Friday, October 14, 2011

Meeting the locals

New friends in Chengde in 1995
I was writing an article for a client on how to meet local residents when you travel, when I was reminded of two young people I met while I was touring Puningsi (Puning Temple) in Chengde back in 1995. I was used to descriptive signs at attractions that were written both in Chinese characters and English in Beijing. At this temple in Chengde all the signs were in characters.

I would have had no idea what the signs said if this young man and young woman had not approached me wanting to practice their English.  They showed me all around the temple grounds, translating the signs as we went. They were medical students, so I learned a little about the study of medicine in China -- more than I wanted to know and enough to scare the heck out of me.

They explained that most students had only two years of medical school and then are considered doctors. Apparently there are few general practitioners in China. Students specialize in the study of one body part. so conceivably if you hurt in your leg, stomach and head at the same time, you will need to see three doctors, one for each area of your body that aches. This part didn't bother me as much as they were only required to spend two years in medical school, which means doctors as young as 20 years old could be treating patients.

Luckily, for me, I was never seriously sick in China, just the normal colds and flu. My personal experience with Chinese clinics was limited to the health exam all foreigners who will be living in China for a year must have and getting a gamma globulin shot for Hepatitis A. That was an experience in assembly line medicine, let me tell you. I'd had a gamma globulin shot before I left for China, but a few months had elapsed so it was time to get another.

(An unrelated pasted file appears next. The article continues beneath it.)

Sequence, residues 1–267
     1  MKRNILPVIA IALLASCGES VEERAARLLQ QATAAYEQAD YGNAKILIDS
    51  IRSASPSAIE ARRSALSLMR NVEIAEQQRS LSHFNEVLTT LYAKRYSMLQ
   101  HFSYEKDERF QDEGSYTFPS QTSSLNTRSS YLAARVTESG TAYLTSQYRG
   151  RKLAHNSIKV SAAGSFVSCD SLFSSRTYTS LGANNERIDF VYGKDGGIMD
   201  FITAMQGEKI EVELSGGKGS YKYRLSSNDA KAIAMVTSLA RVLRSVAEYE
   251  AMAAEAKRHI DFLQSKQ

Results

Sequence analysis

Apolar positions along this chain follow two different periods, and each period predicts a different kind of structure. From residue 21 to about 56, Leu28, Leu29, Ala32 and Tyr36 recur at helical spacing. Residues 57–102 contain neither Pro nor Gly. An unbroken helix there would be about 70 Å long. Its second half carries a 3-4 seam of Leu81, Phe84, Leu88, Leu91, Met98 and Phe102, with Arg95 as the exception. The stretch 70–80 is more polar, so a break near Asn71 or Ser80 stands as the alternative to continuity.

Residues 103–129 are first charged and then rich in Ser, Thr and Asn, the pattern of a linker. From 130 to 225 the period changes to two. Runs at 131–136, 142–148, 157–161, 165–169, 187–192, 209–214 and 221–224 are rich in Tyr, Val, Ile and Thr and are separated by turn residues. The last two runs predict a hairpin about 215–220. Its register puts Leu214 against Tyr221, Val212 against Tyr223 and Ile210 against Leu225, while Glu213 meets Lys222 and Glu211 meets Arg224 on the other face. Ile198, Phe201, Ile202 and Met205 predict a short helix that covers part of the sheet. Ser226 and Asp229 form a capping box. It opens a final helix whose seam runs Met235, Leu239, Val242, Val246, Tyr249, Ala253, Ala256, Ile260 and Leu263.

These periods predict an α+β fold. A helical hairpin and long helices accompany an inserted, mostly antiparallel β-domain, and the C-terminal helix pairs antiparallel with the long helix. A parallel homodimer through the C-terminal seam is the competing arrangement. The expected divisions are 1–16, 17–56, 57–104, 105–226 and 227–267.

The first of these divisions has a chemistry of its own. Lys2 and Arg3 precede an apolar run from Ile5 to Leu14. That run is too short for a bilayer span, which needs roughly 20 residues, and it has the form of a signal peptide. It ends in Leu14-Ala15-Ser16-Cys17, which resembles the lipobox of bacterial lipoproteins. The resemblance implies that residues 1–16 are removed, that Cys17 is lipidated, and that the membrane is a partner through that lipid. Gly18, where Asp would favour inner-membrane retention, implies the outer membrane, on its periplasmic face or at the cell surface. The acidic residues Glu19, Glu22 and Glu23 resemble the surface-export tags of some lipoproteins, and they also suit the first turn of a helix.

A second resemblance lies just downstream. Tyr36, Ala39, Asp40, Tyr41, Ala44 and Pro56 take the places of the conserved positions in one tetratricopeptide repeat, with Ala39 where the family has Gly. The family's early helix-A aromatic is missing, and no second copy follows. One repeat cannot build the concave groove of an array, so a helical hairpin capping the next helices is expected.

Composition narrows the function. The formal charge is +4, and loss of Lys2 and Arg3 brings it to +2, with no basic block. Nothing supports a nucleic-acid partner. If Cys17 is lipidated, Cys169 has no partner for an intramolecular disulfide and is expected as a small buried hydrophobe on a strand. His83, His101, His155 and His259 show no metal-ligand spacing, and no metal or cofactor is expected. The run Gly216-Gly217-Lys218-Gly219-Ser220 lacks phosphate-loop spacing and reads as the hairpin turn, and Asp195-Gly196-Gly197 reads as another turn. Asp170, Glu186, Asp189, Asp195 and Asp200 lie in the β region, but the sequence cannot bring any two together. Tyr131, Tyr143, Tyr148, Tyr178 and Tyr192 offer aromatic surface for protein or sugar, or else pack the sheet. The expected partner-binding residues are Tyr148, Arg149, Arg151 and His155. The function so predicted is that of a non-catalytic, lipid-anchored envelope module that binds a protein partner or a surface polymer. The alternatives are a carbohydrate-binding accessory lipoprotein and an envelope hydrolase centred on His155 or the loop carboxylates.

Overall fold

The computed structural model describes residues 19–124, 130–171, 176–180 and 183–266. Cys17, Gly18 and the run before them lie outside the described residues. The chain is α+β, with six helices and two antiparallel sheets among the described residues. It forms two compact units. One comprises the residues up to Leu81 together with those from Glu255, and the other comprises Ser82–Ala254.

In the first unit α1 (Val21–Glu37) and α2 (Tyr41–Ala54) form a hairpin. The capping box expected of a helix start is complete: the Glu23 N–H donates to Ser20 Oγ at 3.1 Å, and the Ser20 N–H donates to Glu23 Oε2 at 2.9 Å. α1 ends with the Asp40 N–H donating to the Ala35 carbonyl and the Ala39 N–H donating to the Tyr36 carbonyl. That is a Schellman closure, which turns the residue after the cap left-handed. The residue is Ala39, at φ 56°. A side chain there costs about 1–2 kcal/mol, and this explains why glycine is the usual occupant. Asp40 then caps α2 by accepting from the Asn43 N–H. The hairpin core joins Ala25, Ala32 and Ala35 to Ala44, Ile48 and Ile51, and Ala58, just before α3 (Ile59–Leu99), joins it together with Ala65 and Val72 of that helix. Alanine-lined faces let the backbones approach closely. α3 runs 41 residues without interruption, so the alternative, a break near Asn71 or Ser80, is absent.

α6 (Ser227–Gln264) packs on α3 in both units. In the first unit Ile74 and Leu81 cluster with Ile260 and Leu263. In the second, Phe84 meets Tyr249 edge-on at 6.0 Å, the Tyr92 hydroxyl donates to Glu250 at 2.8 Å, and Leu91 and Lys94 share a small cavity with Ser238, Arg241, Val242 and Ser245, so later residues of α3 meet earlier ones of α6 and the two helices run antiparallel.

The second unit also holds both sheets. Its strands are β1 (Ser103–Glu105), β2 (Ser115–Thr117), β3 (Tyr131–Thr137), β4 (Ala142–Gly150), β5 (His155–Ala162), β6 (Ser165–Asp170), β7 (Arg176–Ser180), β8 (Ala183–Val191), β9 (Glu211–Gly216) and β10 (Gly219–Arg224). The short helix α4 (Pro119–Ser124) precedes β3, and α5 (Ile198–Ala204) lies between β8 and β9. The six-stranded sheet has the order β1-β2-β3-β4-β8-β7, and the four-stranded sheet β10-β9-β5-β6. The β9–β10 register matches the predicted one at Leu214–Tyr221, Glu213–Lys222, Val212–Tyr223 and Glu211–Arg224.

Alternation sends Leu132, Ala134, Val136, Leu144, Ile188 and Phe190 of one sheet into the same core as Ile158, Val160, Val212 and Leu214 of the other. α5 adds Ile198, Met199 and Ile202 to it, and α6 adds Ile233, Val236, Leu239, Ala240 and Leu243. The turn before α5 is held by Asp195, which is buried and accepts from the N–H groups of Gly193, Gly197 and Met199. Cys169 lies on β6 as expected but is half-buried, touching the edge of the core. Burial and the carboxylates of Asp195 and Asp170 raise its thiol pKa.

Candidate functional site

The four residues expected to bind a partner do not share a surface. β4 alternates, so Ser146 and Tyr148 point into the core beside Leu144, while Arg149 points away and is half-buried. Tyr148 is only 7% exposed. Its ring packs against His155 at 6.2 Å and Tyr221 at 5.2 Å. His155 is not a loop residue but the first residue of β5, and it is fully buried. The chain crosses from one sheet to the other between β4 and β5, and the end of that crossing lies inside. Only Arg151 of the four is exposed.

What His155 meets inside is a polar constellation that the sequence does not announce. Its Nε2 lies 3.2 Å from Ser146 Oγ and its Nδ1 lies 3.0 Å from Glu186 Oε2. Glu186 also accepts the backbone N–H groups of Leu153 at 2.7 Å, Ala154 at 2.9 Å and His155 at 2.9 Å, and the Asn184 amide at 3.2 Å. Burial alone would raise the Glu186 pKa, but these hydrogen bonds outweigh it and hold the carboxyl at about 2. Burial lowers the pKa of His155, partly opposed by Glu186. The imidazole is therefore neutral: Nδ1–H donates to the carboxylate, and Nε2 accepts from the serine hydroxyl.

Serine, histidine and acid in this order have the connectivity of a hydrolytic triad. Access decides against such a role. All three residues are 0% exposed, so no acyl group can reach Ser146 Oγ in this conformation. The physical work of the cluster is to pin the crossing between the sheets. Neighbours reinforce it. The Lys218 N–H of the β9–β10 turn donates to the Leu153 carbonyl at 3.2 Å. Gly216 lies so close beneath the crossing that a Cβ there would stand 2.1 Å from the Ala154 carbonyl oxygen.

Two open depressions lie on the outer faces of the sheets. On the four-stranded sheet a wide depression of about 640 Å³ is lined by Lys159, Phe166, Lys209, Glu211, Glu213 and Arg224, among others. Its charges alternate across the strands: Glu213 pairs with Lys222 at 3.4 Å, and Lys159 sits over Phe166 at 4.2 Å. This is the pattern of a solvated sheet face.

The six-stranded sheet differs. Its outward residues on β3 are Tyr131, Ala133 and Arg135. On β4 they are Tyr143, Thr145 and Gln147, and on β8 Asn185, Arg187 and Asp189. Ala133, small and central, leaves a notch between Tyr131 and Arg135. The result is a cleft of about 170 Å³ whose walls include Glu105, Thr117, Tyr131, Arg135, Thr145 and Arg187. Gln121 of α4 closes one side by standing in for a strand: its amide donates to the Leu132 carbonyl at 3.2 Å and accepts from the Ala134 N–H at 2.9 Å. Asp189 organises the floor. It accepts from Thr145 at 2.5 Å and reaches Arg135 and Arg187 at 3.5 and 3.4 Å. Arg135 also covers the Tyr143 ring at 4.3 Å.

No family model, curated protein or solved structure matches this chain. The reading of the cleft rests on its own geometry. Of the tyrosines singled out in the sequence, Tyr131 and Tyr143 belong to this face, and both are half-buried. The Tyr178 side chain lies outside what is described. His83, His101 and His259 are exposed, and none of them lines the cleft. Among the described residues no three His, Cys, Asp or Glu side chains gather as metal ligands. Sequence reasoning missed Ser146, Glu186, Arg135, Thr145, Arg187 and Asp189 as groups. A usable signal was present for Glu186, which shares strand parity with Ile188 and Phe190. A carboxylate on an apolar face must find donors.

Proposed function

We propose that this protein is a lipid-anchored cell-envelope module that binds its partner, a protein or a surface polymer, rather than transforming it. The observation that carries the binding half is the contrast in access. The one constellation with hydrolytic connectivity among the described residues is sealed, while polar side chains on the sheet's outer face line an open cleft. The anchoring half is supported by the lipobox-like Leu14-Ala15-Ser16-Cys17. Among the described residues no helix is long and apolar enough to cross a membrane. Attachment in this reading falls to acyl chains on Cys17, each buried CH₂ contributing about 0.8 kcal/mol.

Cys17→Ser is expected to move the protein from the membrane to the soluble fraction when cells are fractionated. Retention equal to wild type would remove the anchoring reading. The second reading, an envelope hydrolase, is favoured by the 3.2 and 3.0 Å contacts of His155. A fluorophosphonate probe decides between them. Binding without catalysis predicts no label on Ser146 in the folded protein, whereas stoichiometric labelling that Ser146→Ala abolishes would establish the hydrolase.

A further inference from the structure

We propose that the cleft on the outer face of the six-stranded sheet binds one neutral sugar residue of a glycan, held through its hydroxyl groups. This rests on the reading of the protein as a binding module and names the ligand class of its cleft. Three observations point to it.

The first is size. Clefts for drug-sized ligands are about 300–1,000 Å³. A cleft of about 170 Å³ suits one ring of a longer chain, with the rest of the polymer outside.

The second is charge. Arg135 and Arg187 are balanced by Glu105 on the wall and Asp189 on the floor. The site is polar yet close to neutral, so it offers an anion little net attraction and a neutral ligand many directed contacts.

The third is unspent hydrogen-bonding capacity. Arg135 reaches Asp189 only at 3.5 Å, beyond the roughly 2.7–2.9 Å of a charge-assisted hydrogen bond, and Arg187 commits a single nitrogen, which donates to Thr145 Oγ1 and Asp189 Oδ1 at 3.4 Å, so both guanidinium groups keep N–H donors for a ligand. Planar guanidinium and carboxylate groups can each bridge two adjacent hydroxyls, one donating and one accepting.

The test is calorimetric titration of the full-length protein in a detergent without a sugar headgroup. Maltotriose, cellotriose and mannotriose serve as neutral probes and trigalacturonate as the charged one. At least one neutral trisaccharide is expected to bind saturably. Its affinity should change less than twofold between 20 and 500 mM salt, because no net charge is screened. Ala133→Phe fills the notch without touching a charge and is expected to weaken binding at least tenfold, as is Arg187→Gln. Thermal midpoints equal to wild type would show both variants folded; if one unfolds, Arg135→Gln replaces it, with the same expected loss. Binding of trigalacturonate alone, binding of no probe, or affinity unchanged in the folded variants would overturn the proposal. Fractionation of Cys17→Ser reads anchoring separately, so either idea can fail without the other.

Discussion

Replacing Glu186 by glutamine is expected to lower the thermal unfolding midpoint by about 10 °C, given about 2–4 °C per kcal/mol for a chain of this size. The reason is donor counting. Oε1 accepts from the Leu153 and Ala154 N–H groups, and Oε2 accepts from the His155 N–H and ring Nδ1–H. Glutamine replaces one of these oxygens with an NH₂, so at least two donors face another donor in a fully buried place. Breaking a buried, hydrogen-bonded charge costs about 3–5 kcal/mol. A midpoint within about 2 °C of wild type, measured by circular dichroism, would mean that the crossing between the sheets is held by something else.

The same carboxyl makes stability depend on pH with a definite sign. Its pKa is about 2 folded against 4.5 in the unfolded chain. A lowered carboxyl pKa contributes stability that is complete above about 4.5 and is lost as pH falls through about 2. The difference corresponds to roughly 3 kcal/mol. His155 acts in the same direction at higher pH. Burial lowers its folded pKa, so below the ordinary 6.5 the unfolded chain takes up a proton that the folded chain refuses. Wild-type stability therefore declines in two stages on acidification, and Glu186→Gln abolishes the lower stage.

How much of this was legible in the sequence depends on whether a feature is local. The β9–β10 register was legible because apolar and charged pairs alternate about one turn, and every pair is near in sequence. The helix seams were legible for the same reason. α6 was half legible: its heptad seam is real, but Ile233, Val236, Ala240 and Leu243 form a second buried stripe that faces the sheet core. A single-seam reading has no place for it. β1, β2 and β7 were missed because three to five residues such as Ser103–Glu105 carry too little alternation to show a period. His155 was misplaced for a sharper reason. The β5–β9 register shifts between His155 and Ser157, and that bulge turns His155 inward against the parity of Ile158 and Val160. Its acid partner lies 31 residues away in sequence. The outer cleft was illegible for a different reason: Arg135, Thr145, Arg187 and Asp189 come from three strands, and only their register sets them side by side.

My language tutor took me to a Chinese clinic, one that didn't cater to foreigners with English-speaking doctors. She told the nurse what I needed, and we were sent to stand in a line. Nurses went down the line, giving injections as fast as they could. When the nurse came to me, my tutor told her she had to use a clean needle. Clean needle? What's that! The nurse was unhappy because the line ground to a halt, but my tutor kept insisting on a clean needle. Finally, another nurse appeared with a new syringe, and I got my shot.

AIDS wasn't a big deal in China at that time, so reusing a needle apparently was quite common. Privacy in treating patients also wasn't common. I survived the visit, which is all that counted.

Are you going to China?

If you're planning a trip to China, especially Beijing, please visit my website, Cheryl's China. If you have questions about travel in China, please email me.

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